An aerospace supply chain fit for the future

An aerospace supply chain fit for the future

November 17, 2021

Why a "local for local" strategy can overcome today’s global challenges

"A shift towards a local for local supply chain will require aerospace players to rethink their capabilities."
Portrait of Manfred Hader
Senior Partner
Hamburg Office, Central Europe

The aerospace supply chain is wobbling. The Covid-19 pandemic has exacerbated the major operational pressures already on it, and two new trends are impeding aerospace companies in their efforts to keep up with post-Covid growth ambitions. These trends, namely growing geopolitical constraints (from trade wars to rising nationalism) and a push for more sustainability, pose obstacles to the continuation of the traditional "global for local" supply-chain model. In short, it is no longer robust enough. This increases the relevance of "local for local" supply chains centered on key markets for the aerospace industry – North America, Europe and potentially China. As such, we expect a transition towards the local for local model over the next 10-15 years, and recommend that OEMs and suppliers take action now to begin their own transformation.

Transformation to a ´local for local´ supply chain in the aerospace industry
Roland Berger has developed a step-by-step approach to succeed in this ambitious supply-chain reboot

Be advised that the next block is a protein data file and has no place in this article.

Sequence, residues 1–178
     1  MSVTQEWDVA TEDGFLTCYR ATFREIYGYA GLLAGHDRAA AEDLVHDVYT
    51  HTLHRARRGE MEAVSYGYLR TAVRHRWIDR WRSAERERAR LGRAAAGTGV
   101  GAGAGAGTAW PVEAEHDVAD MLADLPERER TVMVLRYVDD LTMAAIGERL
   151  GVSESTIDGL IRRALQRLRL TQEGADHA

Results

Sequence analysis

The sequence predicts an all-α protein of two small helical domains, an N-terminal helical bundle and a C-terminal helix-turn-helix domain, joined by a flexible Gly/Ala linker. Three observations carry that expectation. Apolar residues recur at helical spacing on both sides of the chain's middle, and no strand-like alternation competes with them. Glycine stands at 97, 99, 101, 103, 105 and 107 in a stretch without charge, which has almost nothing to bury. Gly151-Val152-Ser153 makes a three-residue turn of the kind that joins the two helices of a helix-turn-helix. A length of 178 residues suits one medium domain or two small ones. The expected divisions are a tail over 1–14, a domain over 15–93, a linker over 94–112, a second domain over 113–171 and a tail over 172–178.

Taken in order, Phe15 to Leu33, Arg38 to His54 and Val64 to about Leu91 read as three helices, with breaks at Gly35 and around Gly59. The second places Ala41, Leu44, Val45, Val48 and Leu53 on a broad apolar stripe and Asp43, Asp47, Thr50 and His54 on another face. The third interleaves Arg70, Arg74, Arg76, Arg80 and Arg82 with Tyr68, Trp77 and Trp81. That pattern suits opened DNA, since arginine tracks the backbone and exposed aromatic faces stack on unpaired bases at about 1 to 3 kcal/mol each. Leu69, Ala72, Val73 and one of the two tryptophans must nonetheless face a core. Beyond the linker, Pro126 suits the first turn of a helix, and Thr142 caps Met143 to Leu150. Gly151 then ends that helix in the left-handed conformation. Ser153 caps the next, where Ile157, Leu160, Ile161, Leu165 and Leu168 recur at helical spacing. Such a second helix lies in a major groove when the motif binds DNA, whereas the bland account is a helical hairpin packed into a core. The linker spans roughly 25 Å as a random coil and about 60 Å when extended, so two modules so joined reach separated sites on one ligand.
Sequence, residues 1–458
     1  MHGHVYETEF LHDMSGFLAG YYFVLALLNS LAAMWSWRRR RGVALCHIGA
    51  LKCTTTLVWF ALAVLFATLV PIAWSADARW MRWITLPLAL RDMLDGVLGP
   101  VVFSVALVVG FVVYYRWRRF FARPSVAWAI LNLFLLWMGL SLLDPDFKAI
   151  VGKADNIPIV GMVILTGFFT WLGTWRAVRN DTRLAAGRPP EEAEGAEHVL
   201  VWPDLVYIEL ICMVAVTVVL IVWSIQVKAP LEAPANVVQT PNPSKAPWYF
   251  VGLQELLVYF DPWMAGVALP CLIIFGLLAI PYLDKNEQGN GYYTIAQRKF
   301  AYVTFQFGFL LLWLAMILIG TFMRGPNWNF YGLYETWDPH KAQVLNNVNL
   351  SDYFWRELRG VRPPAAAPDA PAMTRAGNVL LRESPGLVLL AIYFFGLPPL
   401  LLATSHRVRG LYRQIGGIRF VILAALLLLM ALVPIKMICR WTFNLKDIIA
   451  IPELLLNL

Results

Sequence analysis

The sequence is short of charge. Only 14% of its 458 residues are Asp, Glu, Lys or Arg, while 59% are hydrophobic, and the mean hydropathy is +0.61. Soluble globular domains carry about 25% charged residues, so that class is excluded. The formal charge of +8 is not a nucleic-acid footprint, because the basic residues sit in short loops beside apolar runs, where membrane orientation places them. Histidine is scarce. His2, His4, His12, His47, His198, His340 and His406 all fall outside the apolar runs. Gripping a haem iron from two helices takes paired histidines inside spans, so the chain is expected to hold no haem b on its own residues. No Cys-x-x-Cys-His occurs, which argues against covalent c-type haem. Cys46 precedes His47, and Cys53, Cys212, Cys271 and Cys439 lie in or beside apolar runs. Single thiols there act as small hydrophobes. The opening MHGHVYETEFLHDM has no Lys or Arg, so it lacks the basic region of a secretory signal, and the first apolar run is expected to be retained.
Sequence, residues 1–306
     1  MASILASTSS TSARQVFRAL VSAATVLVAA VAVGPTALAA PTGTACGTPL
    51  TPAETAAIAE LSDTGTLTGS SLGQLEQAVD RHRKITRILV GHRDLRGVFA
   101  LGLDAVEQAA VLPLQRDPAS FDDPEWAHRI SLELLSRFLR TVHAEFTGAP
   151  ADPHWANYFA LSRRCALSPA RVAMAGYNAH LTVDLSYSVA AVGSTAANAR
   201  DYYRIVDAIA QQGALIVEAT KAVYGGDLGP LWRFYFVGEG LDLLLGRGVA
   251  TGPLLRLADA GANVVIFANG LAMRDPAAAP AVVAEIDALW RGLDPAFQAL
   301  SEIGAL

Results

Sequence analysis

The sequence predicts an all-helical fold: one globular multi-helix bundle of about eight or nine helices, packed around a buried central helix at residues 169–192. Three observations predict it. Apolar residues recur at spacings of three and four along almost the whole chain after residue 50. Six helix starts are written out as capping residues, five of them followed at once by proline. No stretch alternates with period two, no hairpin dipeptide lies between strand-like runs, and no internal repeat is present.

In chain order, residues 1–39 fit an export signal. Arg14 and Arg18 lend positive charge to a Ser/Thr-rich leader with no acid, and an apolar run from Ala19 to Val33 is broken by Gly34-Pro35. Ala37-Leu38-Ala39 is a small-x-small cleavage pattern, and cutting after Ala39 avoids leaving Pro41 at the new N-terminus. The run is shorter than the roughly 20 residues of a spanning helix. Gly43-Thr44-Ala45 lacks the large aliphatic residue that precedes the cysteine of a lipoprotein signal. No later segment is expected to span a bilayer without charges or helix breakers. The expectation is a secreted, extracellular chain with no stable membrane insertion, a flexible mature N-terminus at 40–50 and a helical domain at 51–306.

"Local for local supply chains are driven by geopolitical constraints as well as sustainability and present key success factor for OEMs and suppliers in the future."
Portrait of Stephan Baur
Munich Office, Central Europe

Two key developments justify a move towards local for local supply chains. First, they help meet the challenges of growing geopolitical and sustainability constraints. Second, new technologies, particularly in automation, as well as needed investment into new aircraft programs (e.g., next generation single aisle, sustainable aircraft programs ) are making them economically viable.

In this article, we look in detail at both the challenges posed by the transformation to local for local supply chains, and the enablers that can support it. As well as the why, we also look at the how. To support OEMs and their suppliers initiate their transformation, Roland Berger has developed a step-by-step approach to succeed in this ambitious supply-chain reboot.

It consists of three steps, scheduled over a period of 10-15 years to tie in with the development of new aerospace programs:

  1. Set your local for local ambition level: What is your target model? What will its supporting value creation landscape look like? And how can you best leverage enablers? To answer these questions, we offer a local for local capabilities pyramid to help define a blueprint tailored to your value-chain positioning.
  2. Develop a tailored roadmap: We advise creating an ambitious yet realistic local for local supply-chain roadmap that addresses your target model, and explain why ‘first movers' will reap the greatest benefits, from subsidies to talent.
  3. Roll out and grow: Now’s the time to act, so we outline a two-phase plan. First, a medium-term ramp-up, involving the integration of existing modules into new local for local supply chains. And second, a longer-term operationalization phase to refine and scale local value-creating capabilities

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